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Problem d: Use de nition (8.16) to rewrite the expression above as the conservation law

of kinetic energy:

@EK + (vEK ) = (v F) : (8.18)

@t r

This equation states that the kinetic energy current is given by J = vEK , this term de-

scribes how kinetic energy is transported by the ow. The term (v F) on the right hand

side denotes the source of kinetic energy. This term is relatively easy to understand. Sup-

pose the force F acts on the uid over a distance r, the work carried out by the force is

given by ( r F). If it takes the uid a time t to move over the distance r the work per

unit time is given by ( r= t F). However, r= t is simply the velocity v, and hence the

term (v F) denotes the work performed by the force per unit time. Since work per unit

time is called the power, equation (8.18) states that the power produced by the force F is

the source of kinetic energy.

In order to invoke the potential energy as well we assume for the moment that the

force F is the gravitational force. Suppose there is a gravitational potential V (r), then

the gravitational force is given by

F= (8.19)

; rV

and the potential energy EP is given by

EP = V : (8.20)

CHAPTER 8. CONSERVATION LAWS

78

Problem e: Take the (partial) time derivative of (8.20), use the continuity equation (8.6)

to eliminate @ =@t, use that the potential V does not depend explicitly on time and

employ expressions (8.19) and (8.20) to derive the conservation law of potential

energy:

@EP + (vE ) = F) : (8.21)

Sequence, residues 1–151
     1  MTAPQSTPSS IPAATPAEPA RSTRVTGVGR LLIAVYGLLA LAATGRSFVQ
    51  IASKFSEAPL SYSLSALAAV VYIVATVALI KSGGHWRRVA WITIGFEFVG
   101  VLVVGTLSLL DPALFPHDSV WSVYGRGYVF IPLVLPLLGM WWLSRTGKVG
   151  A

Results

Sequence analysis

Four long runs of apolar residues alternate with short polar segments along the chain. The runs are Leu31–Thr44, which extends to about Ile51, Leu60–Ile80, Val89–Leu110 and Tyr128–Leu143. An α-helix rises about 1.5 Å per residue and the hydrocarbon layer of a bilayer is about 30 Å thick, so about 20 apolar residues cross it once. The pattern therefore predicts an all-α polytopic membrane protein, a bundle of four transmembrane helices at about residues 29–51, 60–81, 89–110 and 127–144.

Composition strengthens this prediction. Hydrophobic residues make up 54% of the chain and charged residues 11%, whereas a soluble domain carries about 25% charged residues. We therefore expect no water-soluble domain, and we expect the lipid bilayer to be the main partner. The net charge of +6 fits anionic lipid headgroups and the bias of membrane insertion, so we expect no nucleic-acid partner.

P

@t r ;(v

Note that this conservation law is very similar to the conservation law (8.18) for kinetic

energy. The meaning of the second term on the left hand side will be clear to you by

now, it denotes the divergence of the current vEP of potential energy. Note that the right

hand side of (8.20) has the opposite sign of the right hand side of (8.18). This re ects the

fact that when the force F acts as a source of kinetic energy, it acts as a sink of potential

energy the opposite signs imply that kinetic and potential energy are converted into each

other. However, the total energy E = EK + EP should have no source or sink.

Problem f: Show that the total energy is source-free:

@E + (vE) = 0 : (8.22)

@t r

8.4 The heat equation

In the previous section the momentum and energy current could be derived from Newton's

law. Such a rigorous derivation is not always possible. In this section the transport of heat

is treated, and we will see that the law for heat transport cannot be derived rigorously.

Consider the general conservation equation (8.3) where T is the temperature. (Strictly

speaking we should derive the heat equation using a conservation law for the heat content

rather than the temperature. The heat content is given by CT, with C the heat capacity.

When the speci c heat is constant the distinction between heat and temperature implies

multiplication with a constant, for simplicity this multiplication is left out.)

The source term in the conservation equation is simply the amount of heat (normalized

by the heat capacity) supplied to the medium. For example, the decay of radioactive

isotopes is a major source of the heat budget of the earth. The transport of heat is a ected

by the heat current J. In the earth, heat can be transported by two mechanisms, heat

conduction and heat advection. The rst process is similar to the process of di usion, it